Marcus Hutchins, the security researcher who helped temporarily stop the WannaCry ransomware bug, has now pleaded guilty to federal charges of creating and distributing malware used to break into online bank accounts.
"Marcus 'MalwareTech' Hutchins, the British security researcher known for stopping the WannaCry ransomware outbreak, has pleaded guilty today to writing malware in the years prior to his prodigious career as a malware researcher," the ZDNet reported late on Friday.
He pleaded guilty to entering a conspiracy to create and distribute malware, and in aiding and abetting its distribution.
"I regret these actions and accept full responsibility for my mistakes," Hutchins wrote in a post, according to the ArsTechnica.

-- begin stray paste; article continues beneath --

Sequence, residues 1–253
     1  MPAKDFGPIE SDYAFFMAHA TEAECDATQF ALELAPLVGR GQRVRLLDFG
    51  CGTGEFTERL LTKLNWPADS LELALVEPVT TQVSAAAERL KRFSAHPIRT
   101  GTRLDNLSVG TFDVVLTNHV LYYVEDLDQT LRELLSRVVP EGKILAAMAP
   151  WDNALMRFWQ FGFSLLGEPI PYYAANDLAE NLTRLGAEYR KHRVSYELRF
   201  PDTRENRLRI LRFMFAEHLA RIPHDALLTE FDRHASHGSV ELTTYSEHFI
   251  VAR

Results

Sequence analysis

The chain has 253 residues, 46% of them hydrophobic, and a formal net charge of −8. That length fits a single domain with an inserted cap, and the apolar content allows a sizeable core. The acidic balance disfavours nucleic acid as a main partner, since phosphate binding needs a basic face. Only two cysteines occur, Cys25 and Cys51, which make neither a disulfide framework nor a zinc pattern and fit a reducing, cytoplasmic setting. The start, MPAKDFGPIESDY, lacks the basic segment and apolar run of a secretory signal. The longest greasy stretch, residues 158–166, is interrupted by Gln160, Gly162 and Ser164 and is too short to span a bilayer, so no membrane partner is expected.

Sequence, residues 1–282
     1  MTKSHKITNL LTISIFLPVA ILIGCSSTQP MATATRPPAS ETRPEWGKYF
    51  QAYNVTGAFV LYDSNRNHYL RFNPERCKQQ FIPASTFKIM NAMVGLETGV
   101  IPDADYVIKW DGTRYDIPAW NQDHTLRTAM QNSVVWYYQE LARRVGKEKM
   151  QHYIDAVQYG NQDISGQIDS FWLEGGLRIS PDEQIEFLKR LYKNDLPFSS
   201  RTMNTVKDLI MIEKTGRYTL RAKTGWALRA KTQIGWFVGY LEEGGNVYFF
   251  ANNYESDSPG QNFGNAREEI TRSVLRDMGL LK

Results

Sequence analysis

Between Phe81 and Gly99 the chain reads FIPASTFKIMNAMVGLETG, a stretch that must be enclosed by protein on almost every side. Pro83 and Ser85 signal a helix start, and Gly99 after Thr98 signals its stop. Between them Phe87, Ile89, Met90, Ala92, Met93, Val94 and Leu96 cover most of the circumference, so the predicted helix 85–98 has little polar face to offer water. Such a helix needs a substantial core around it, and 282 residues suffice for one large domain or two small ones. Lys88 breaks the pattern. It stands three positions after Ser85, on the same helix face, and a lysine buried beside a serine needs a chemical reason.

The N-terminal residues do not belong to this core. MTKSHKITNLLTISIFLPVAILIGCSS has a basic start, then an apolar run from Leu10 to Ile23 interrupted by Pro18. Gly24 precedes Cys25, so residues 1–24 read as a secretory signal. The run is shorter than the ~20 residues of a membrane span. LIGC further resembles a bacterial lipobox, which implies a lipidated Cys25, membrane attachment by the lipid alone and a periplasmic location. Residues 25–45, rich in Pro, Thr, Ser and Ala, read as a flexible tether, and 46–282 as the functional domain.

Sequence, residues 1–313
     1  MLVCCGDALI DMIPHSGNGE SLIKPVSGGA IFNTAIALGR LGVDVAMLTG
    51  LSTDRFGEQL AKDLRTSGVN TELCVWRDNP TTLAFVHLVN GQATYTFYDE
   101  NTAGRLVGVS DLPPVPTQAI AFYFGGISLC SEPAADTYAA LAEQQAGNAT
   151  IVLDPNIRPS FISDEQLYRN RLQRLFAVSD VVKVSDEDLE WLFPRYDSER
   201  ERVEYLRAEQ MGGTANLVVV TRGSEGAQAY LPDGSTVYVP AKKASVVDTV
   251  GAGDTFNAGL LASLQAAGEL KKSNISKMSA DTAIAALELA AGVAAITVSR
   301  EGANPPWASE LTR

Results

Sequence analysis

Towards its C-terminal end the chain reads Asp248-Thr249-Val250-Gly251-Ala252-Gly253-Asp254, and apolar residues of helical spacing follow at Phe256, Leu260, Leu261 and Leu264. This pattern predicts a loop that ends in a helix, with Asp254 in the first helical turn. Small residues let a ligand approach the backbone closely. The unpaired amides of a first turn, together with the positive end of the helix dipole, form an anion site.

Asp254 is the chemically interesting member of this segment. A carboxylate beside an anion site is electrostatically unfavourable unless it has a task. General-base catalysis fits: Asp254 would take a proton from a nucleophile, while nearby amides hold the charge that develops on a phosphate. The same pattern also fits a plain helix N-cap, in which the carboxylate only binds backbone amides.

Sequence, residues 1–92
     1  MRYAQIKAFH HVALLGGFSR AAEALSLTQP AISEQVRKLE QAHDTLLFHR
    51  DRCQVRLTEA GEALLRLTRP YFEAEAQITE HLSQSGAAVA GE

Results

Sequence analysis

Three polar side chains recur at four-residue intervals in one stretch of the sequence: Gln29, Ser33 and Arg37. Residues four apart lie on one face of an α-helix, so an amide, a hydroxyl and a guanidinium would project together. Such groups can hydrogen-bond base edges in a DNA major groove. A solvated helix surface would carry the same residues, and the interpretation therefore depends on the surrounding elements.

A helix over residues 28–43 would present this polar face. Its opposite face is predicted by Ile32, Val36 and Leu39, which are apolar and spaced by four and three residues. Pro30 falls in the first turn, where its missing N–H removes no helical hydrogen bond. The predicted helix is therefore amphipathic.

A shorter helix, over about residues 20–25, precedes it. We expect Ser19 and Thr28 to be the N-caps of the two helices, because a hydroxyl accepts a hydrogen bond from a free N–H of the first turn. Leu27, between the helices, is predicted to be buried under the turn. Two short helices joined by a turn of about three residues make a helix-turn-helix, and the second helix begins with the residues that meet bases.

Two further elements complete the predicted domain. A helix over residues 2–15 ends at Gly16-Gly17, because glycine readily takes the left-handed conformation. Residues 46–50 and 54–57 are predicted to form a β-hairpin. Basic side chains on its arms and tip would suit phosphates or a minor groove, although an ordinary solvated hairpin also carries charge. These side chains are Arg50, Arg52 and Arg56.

The researcher reportedly pleaded guilty to two counts, and the government agreed to drop the other eight. For each count, Hutchins faces up to five years in prison, up to $250,000 in fines, and up to one year of supervised release.
"He was also charged with working with a co-conspirator -- identified only as 'Vinny', 'VinnyK', and 'Aurora123' -- to advertise and sell the two malware strains online. This happened between July 2012 and September 2015, before Hutchins built a career as a talented security researcher," the ZDNet report added.
Hutchins, who goes by the online handle MalwareTech, was arrested in August 2017 as he was due to fly back to the UK following the Def Con security conference in Las Vegas.
He was charged for his involvement with creating the Kronos banking malware, dating back to 2014. He was later freed on bail.